All this has won high praise from law enforcement professionals. Kevin Frawley, Koch's criminal justice coordinator and a former Brooklyn prosecutor, says Holtzman is "very aggressive, very talented and works very hard."
Richard Emery, a former counsel to the American Civil Liberties Union, says morale among career prosecutors in Brooklyn is "not as good as it should be" because Holtzman is "a constant candidate" who takes too long to weigh the political implications of each decision.
"She's a politically ambitious person who's done a remarkably good job given the credentials she brought to the job," Emery says. "This was a perfect position for her because it kept her visible. And it kept her interested."
The harshest assessment of Holtzman comes from the city's police union. Thousands of police officers marched outside Holtzman's downtown Brooklyn office in 1985, calling her a "persecutor of cops" and "soft on crime" because she had set up a special unit to investigate charges of police brutality.
Holtzman's response is curt: "My job isn't to be sympathetic to any side. Sometimes people don't understand that."
Holtzman came to office with few illusions about crime. As a young lawyer, she was mugged in the elevator of a Manhattan office building. In 1982, her parents were robbed at knifepoint in their Brooklyn home.
As a member of Congress, Holtzman adamantly opposed such techniques as wiretapping, citing the abuses of the Nixon White House. As district attorney, however, she has come to view it as an indispensable tool and signed the wiretapping orders that led to the conviction of a state senator.
Still, her liberal idealism shines through when she talks about her pet programs, such as one in which young people convicted of minor vandalism are sentenced to scrub graffiti off subway cars.
"Most of the people who committed minor crimes were never punished," Holtzman says. "They'd be arrested, they'd be hauled into court, whether it was for minor vandalism or drawing graffiti on the subway, and the judge would give them a lecture and they'd walk out of court and they'd laugh. They'd say this is what the criminal justice system is all about. They learned it's a paper tiger.
"Many of these people were getting in trouble because they had nothing to do. They're 17- or 18- or 19-year-old people who have never worked a day in their lives," Holtzman says, launching into a pitch for a national jobs program.
As the daughter of hard-working Russian immigrants, Elizabeth Holtzman was weaned on success. Her father is a trial lawyer, her mother became the head of Hunter College's Russian department, and her twin brother Robert is a neurosurgeon.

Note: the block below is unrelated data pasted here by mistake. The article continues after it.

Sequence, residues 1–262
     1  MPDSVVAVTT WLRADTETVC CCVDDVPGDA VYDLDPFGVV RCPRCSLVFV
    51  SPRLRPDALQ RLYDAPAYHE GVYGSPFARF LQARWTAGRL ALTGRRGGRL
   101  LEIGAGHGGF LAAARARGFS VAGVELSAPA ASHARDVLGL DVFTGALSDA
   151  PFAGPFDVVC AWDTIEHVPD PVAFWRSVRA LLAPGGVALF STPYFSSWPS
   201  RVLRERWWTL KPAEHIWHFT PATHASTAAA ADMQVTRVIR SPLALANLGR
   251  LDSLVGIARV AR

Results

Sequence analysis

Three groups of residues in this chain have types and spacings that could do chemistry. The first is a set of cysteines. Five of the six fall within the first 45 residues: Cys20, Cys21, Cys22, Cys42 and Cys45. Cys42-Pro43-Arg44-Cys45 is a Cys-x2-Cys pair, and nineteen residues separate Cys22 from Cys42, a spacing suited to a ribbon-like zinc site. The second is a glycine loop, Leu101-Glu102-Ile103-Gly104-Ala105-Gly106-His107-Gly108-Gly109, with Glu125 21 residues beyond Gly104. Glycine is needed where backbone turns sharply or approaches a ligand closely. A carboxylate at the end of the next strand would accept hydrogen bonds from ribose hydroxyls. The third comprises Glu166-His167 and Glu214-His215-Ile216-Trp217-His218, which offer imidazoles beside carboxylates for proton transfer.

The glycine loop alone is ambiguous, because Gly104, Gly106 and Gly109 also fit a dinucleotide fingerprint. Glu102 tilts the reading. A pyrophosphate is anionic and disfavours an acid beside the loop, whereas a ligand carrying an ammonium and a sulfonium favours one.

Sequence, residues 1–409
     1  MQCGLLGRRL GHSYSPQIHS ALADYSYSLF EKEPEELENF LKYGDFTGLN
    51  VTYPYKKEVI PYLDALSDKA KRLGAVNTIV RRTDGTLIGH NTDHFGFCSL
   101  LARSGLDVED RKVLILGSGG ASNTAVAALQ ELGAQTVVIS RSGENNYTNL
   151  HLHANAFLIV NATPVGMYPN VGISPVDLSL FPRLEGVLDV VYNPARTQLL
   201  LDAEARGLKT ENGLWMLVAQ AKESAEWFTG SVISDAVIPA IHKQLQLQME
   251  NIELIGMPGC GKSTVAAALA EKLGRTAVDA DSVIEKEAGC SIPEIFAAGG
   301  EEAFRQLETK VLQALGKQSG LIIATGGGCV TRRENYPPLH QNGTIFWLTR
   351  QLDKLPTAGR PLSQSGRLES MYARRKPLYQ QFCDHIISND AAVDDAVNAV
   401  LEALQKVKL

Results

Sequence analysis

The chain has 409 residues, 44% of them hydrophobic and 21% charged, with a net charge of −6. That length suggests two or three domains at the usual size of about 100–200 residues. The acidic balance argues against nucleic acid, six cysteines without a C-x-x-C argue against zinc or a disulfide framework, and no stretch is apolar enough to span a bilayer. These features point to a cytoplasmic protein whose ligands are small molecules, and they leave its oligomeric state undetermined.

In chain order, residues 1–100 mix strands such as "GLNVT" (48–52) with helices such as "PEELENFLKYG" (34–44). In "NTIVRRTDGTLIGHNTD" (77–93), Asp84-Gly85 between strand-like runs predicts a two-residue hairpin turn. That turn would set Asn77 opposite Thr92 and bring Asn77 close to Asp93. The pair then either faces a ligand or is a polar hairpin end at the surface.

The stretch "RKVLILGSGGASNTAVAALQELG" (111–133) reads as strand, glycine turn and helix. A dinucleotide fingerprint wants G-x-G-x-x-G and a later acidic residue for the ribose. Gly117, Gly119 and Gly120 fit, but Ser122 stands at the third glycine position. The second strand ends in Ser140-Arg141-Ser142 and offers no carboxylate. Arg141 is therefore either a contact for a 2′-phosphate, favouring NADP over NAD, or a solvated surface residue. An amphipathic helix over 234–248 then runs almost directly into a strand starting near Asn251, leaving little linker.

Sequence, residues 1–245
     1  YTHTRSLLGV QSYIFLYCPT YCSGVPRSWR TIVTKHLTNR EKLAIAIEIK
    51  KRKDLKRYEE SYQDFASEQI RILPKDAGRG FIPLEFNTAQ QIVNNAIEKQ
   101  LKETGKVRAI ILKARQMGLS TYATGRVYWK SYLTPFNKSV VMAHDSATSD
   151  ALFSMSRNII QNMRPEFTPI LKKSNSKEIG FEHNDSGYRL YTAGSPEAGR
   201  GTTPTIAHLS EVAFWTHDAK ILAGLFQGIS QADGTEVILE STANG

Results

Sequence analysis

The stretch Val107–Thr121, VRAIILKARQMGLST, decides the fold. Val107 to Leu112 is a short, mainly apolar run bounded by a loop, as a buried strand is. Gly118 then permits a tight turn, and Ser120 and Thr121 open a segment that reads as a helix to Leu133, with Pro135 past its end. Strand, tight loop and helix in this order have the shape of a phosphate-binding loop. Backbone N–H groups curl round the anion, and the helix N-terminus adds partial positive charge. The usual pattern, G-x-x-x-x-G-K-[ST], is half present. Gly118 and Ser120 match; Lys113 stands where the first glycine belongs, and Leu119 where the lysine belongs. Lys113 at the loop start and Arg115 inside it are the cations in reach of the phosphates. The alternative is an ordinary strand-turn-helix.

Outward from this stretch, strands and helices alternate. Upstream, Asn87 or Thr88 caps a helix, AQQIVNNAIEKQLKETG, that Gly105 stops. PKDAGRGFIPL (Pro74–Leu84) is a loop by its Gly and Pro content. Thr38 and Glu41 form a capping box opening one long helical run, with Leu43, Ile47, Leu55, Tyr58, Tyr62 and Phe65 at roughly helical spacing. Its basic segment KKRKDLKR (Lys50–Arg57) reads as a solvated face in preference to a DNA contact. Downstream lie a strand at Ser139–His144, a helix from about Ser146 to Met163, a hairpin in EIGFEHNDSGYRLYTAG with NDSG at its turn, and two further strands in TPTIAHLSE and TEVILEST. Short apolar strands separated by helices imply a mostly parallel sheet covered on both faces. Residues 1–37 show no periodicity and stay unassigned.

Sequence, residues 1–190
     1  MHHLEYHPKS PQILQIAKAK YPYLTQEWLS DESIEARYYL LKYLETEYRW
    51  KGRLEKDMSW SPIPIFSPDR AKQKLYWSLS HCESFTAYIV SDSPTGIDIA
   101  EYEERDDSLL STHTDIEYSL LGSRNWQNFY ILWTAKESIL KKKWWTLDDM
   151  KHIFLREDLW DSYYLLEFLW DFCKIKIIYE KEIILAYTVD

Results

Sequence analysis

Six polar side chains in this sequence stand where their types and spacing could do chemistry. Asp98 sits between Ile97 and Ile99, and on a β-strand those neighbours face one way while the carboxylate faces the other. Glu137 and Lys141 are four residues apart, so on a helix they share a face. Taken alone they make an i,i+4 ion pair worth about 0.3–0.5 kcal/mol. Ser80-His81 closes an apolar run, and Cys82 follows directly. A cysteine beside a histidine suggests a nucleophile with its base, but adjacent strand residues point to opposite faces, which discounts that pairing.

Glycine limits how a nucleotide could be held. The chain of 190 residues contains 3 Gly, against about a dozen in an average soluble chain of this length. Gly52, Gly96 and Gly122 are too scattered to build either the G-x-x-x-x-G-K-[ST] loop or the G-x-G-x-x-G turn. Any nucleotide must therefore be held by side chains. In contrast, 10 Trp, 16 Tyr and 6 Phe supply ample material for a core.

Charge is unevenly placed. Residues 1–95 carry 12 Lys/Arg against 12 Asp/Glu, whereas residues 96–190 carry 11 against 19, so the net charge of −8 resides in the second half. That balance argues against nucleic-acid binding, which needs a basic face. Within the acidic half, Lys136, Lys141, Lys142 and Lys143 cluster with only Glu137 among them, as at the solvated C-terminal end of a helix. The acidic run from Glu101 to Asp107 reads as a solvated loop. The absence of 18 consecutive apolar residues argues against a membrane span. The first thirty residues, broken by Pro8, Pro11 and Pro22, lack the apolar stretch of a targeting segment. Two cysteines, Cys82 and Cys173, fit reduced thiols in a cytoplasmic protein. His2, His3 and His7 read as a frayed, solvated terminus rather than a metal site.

Holtzman was elected student vice president at Abraham Lincoln High School before going on to Radcliffe College and Harvard Law School. In the summer of 1963, she went to Georgia to work on civil rights cases, which her brother calls "an intensely moving experience." After she had spent 2 1/2 years with a New York law firm, Mayor Lindsay made her an assistant in charge of parks and recreation.
In 1970, Holtzman took on the Democratic machine and won election as district leader from Flatbush. Two years later, she pulled off the political upset of the year, beating Rep. Emanuel Celler, the 84-year-old chairman of the House Judiciary Committee, by 635 votes in the Democratic primary.
Holtzman was given Celler's spot on the Judiciary Committee and played an active role in the impeachment proceedings against Richard Nixon. She aggressively questioned President Ford about whether he had made a deal to pardon Nixon. And she didn't neglect the home front, helping to ferret out fraud in the New York City school-lunch program.
But she sidesteps questions about the 1980 Senate race, her only political defeat. "I still meet people who say they're angry at Javits, it's not fair what happened, you should have won ... But I'm beyond that," Holtzman says. "You can't dwell on the past." The strongest thing she will say is that "Senator Javits knew exactly what he was doing, and he did it."
In late 1985, months before she was expected to seek a rematch against D'Amato, a more modern Holtzman appeared in a television ad campaign, with a shorter hairdo and contact lenses replacing her trademark glasses. But she ultimately declined to run, castigating D'Amato as a mediocre senator but saying it would be impossible to match his $5 million war chest.
D'Amato said Holtzman was not running because he had a 35-point lead in the polls. "At long last, she made the concession speech with her usual warmth and graciousness," he said, referring to Holtzman's refusal to concede in 1980.
If Holtzman has misgivings about passing up the race, if she is still burning with desire to be a senator, she does not share these thoughts with reporters. Asked what she misses about Washington, Holtzman says, "I miss some of the issues I was involved in. I miss being able to be there to get the legislation through."
What about friends? She says she misses some of her House colleagues, but declines to name them.
As Holtzman finishes her cheeseburger and the talk turns to her personal life, she grows noticeably nervous. She looks down, keeps twisting her straw; the pauses grow more awkward. She would much rather talk about "the issues."